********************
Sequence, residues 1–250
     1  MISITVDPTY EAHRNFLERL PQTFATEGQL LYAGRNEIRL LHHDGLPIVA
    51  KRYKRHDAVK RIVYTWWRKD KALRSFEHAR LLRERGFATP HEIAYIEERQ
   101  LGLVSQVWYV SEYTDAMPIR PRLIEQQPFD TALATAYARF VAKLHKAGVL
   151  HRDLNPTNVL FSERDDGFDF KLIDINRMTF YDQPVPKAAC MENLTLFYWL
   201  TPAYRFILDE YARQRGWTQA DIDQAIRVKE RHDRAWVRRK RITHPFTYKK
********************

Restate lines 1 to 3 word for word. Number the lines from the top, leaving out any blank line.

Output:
Sequence, residues 1–250
     1  MISITVDPTY EAHRNFLERL PQTFATEGQL LYAGRNEIRL LHHDGLPIVA
    51  KRYKRHDAVK RIVYTWWRKD KALRSFEHAR LLRERGFATP HEIAYIEERQ